Industry reacted favorably to the conclusion of the FCC’s auction of Citizens Broadband Radio Systems (CBRS) licenses. Gross bids totaled more than $4.5 billion after 76 rounds. Bidders won 20,625 of 22,631, or more than 91.1 percent, of available Priority Access Licenses in the 3550-3650 MHz band.
Louis Peraertz, VP of Policy for the Wireless Internet Service Providers Association, called $4.585 billion “a lot of shekels.” WISPA believes it reflects confidence in the CBRS sharing model to find and better employ underused spectrum. “Indications are emerging that the auction resulted in robust competition outside of the top 20 markets, far exceeding expectations. This participation reveals the growth and viability of the fixed wireless model in bringing internet connectivity to the very hardest to reach Americans.”
Sasha Javid, COO of BitPath and a former FCC official, did a deep dive in his blog, stating that the price per MHz-POP of $0.217 on all blocks sold in the auction was “surprising.” He called the price “very impressive” especially “for a spectrum band that will require winners to limit power levels and to share the band on with government incumbents such as the U.S. Navy.”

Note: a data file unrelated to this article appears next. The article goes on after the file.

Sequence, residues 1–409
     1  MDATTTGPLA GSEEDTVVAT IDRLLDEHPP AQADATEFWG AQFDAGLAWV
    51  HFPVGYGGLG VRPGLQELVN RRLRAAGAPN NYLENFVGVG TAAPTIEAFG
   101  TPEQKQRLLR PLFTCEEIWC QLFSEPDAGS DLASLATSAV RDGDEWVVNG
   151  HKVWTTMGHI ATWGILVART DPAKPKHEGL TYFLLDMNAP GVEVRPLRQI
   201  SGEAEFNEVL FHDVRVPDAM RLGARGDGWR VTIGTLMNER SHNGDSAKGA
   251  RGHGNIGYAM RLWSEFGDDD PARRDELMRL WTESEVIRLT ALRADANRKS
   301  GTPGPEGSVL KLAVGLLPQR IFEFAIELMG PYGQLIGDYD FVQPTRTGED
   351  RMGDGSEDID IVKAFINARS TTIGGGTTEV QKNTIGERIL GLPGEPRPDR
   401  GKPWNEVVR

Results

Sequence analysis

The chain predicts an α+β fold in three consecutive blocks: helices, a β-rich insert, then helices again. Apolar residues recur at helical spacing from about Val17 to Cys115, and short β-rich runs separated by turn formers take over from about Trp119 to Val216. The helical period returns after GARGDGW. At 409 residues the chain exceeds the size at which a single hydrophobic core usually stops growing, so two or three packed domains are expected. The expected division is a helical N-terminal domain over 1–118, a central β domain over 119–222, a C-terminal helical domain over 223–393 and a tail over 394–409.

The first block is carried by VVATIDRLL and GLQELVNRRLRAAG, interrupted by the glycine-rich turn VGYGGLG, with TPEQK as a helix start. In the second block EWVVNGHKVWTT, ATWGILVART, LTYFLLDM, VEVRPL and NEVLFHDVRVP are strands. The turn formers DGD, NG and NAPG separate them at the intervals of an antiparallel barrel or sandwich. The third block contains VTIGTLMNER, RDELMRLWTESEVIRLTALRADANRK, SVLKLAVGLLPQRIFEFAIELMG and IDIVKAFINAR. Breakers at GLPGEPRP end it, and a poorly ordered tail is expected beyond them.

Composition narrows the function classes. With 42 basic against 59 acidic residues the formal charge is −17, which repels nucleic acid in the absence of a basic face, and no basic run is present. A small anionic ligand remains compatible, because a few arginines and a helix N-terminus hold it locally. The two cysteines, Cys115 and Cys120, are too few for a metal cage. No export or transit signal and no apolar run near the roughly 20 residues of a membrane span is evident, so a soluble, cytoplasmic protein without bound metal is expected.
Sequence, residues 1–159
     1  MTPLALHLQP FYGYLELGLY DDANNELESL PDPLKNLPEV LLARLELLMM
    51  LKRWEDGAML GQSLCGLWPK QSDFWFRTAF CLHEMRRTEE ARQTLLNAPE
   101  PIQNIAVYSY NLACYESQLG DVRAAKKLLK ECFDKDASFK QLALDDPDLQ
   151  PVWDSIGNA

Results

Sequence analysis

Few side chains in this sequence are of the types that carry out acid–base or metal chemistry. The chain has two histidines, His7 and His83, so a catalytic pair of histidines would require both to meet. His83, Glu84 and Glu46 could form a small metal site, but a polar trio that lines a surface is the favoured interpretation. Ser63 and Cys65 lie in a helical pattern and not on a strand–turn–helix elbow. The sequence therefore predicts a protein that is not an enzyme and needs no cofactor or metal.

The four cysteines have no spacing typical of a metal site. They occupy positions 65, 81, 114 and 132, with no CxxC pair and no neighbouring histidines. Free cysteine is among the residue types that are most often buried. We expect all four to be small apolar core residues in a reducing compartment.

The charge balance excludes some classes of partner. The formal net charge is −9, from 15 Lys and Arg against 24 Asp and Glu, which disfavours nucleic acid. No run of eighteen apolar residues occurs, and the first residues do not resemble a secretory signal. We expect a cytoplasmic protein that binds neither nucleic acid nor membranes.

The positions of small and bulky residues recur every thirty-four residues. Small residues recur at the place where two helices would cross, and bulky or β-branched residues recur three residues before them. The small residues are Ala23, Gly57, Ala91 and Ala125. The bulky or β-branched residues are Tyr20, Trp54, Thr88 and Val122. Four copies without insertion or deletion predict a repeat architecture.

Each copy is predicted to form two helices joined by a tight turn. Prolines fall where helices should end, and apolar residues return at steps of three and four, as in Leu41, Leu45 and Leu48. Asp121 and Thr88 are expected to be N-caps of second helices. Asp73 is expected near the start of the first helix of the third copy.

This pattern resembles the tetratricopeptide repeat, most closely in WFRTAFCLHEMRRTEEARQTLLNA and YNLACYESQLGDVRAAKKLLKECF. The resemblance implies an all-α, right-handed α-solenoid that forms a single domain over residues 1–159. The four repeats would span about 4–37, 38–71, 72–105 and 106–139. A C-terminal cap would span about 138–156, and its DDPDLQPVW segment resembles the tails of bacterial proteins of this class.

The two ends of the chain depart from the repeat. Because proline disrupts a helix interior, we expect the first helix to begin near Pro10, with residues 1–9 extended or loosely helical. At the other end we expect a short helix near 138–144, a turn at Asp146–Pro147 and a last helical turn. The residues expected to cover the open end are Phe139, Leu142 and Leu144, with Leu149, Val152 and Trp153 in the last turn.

Javid also highlighted as noteworthy some of the prices for individual counties. Among the 20 largest, Orange County led the way at $0.912 per MHz-POP, followed by Cook County (Chicago) at $0.767 and San Diego at $0.685. New York finished at a “still very robust” $0.627 and Los Angeles finished at $0.530, according to Javid.
Given that Los Angeles County was the largest county by far, it also generated the most gross proceeds at $364,503,167.
Two key takeaways for Javid: (1) The apparent genuine interest in acquiring spectrum blocks in rural Midwestern and Western counties. (2) The persistent demand that caused this auction to deviate in its progression from prior FCC clock auctions.
He believes the results bode well for the C-band auction currently slated for December.
And at the FCC, Chairman Ajit Pai called the auction “a resounding success. The strong demand for licenses was the direct result of this Commission’s reforms to the rules for the 3.5 GHz band—reforms that would not have been possible without the leadership and hard work of my colleague, Commissioner Mike O’Rielly.”
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